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Research: Research


Silty ice, sediment, and bedrock from the base of ice cores offer a unique view into the landscapes below ice sheets and contain information about past times when Greenland or Antarctica were ice-free. 

We published an article in the Proceedings of the National Academy of Sciences (PNAS) about the long-lost sediment from the Camp Century ice core. We report the discovery of fossil tundra plants and biomolecules from from ancient ecosystems when NW Greenland was ice-free: once in the Early Pleistocene and again in the last million years. The latter ice-free event coincides with similar findings from the bedrock core from GISP2. The main implication of our findings: the Greenland Ice Sheet survived most Pleistocene interglacial periods, but it melted beyond some climate threshold without human influence. Click here to see the reporting from international news outlets about our study.

As part of an international collaborative team (36 scientists from 22 institutions), I am coordinating a full analysis of the entire Camp Century subglacial sediment archive. Our goals are to better understand the depositional history of the sediment, reconstruct paleoclimate conditions and paleoecosystems conditions during ice-free events, and better characterize the sub-glacial geology of northwest Greenland. 



About 7 million years ago, glaciers on Greenland grew large enough to reach the ocean. Since this time, the ice sheet has eroded the Greenland landscape and exported sediment to the ocean, either by directly depositing diamict onto the continental shelf or releasing plumes of fine sediment and icebergs further out to sea.

Since the Greenland Ice Sheet presently covers and significantly eroded the landscape, offshore sediments offer one of the only ways to understand the long-term history of the ice sheet. By analyzing these sediments with many different techniques we can understand patterns of erosion near the surface (cosmogenic nuclides), at the crustal scale (thermochronometry), and the types of vegetation (biomarkers) that covered Greenland during past ice-free times.

We published a paper in Geophysical Research Letters outlining our approach, and continue to work on additional marine cores from around Greenland. I am sailing on IODP Expedition 400: Glaciated NW Greenland Margin in the summer of 2023 to apply this approach to sediments collected from Baffin Bay and Melville Bugt.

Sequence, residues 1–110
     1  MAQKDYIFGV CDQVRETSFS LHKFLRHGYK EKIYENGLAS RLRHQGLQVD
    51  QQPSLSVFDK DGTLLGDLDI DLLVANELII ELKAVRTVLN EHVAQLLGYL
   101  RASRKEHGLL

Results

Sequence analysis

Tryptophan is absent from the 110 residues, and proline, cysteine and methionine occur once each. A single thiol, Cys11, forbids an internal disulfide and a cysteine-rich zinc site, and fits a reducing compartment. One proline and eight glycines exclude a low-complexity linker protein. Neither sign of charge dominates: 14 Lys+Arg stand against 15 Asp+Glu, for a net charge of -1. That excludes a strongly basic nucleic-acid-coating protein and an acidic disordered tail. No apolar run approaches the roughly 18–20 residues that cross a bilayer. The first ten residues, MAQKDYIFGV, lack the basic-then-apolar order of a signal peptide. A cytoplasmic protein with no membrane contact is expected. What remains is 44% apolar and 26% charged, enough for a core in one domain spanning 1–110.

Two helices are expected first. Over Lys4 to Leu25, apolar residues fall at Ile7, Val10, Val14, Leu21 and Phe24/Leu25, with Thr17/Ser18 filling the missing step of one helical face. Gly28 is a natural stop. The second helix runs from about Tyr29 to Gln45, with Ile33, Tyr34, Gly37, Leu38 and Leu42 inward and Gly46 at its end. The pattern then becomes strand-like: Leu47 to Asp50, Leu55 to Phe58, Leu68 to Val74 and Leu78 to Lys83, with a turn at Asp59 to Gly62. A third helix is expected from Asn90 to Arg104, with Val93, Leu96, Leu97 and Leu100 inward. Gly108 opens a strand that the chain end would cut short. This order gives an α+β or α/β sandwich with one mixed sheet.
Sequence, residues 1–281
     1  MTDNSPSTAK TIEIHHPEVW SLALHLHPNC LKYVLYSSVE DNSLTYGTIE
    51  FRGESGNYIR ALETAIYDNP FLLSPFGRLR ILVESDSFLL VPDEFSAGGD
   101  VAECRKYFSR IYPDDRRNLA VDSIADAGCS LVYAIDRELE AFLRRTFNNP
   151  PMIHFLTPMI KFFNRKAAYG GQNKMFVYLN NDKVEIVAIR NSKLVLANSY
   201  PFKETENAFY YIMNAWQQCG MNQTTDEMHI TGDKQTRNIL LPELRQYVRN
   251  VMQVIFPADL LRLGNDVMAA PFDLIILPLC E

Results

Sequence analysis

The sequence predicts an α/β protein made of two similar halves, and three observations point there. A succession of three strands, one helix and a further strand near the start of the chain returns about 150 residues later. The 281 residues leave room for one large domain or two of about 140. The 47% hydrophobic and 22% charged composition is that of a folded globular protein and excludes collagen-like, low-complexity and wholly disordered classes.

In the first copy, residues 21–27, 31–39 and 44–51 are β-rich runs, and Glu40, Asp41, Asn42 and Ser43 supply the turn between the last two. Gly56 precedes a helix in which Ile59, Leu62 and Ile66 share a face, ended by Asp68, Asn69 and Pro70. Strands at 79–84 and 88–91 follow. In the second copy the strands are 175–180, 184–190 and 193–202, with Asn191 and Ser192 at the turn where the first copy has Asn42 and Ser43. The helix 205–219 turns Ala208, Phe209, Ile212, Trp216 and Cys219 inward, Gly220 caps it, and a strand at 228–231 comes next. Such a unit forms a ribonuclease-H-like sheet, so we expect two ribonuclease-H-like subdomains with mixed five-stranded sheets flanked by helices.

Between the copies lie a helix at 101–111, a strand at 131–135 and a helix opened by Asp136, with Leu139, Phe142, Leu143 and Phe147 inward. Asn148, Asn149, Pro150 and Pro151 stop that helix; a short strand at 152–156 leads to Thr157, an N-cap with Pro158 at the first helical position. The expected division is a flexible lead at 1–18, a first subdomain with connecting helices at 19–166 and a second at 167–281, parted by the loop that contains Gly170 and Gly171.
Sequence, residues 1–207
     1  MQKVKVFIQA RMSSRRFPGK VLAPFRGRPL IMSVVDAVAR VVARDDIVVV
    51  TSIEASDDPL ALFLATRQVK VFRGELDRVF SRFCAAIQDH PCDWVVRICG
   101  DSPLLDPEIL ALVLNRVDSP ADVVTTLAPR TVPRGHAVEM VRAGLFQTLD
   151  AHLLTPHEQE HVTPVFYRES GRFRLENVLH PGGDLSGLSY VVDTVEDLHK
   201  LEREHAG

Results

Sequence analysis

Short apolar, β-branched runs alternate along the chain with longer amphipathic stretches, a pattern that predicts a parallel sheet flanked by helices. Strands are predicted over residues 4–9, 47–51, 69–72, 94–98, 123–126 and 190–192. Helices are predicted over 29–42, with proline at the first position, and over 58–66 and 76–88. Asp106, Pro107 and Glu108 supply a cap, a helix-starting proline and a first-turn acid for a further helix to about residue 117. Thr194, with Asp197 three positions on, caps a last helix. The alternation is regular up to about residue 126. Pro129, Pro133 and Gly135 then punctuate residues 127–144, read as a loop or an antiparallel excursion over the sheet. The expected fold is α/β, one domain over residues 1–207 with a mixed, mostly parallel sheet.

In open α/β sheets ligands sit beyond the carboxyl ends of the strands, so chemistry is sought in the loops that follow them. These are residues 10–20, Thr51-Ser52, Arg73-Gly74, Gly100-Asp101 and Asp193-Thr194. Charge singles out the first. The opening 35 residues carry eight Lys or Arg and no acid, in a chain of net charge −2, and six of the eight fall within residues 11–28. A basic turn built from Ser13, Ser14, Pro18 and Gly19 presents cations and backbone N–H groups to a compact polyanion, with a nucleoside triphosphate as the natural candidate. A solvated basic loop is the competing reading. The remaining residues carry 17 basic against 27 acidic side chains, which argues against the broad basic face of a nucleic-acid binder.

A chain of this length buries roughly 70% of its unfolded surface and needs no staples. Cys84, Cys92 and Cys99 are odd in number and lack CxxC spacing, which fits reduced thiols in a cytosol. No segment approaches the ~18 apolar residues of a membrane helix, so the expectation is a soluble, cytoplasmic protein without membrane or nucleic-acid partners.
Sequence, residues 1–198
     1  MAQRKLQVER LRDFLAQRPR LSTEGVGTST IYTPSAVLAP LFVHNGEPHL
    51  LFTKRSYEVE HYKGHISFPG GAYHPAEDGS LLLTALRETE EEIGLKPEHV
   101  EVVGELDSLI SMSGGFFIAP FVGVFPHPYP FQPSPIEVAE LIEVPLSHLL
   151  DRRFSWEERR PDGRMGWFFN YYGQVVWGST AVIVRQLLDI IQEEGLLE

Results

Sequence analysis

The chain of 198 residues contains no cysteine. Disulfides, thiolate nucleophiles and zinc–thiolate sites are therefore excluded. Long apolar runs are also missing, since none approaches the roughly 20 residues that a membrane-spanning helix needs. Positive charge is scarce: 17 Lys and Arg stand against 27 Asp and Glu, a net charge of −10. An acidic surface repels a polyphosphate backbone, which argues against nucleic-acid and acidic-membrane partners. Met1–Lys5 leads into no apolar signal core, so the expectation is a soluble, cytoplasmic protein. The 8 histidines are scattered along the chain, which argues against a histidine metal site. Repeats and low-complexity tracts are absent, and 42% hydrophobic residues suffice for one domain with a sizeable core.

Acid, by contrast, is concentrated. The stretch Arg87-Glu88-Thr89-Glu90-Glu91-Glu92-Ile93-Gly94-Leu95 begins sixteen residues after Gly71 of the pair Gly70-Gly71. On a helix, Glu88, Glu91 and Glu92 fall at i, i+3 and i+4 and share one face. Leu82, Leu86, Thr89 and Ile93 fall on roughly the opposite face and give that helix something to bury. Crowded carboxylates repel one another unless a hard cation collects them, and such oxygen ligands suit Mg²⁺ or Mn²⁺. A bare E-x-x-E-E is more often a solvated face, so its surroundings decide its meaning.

98% of Antarctica is encased in glacier ice and holds ~60 m of potential sea level rise. In order to understand the fate of Antarctica as the climate system warms, records of past changes in the thickness and extent of the Antarctic ice sheets are invaluable. The McMurdo Sound region is a unique ice-free oasis where such records are found.

During my PhD, I embarked to the ice-free volcanic islands and peninsulas of McMurdo Sound, Antarctica, where marine ice sheets in the Ross Sea expanded and contracted repeatedly over the past several million years. During these episodes of glaciation, the ice sheet transported rocks and sediment sourced from deep in the Antarctic interior, leaving behind "bath tub rings" that outline the former geometry of the ice sheet.  Along the margins of the former ice sheet, algae thrived in meltwater streams that drained into small ponds, and were buried. Radiocarbon ages of the algae provide a timeframe when ice was present. In an ideal world, cosmogenic nuclide exposure ages of boulder left behind by the ice sheet would tell us how long ago ice retreated from these positions, but in practice, reveal more information about erosional history of the Transantarctic Mountains.

I published a paper in GSA Bulletin focused on the extent during the local Last Glacial Maximum and continue to work on the Pleistocene history of ice sheet behavior in the Ross Sea.

From Christ & Bierman, 2020, GSA Bulletin


As the earth moved out of the last ice age, the present interglacial period, the Holocene, began about 12,000 years ago. All of human civilization has flourished within this short time, and in only the last ~200 years humans began to fundamentally alter the climate system by burning fossil fuels and releasing greenhouse gases into the atmosphere at exponential rates.

The polar regions are rapidly responding to climate change, and it is important to place these environmental changes in the context of the prior several thousand years during the Late Holocene. This topic first fascinated me as an undergraduate at Hamilton College, where I investigated how the Antarctic Peninsula responded to Late Holocene climate variability and anthropogenic climate change. We found that regional climate cooled for the last ~4000 years, resulting in greater sea ice coverage and culminating in the advance of tidewater glaciers and expansion of small ice shelves in the western Antarctic Peninsula during the Little Ice Age between ~800-130 years ago. We published papers about a couple of west Antarctic Peninsula fjords - Barilari Bay (GSA Bulletin) and Bigo Bay (Quaternary Science Reviews) 

During my PhD, I collected an ice core from an ice-covered lake in McMurdo Sound, and advised an undergraduate thesis that examined how Late Holocene climate variability and teleconnections directly influenced local hydroclimate. We published the results in Antarctic Science.

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Techniques I use to do science


Cosmogenic nuclides extraction

Quartz purification

Malvern Particle Sizer


Radiocarbon sample preparation

ICP/MS Analysis

Water stable isotopes


Geologic Mapping
Cosmogenic nuclide sampling
Sedimentology & stratigraphy descriptions
Core logging
Groundwater monitoring well installation & sampling
Surface water sampling for VOCs, metals
Soil sampling


ArcGIS Pro & ArcMap


Image analysis

Research: List
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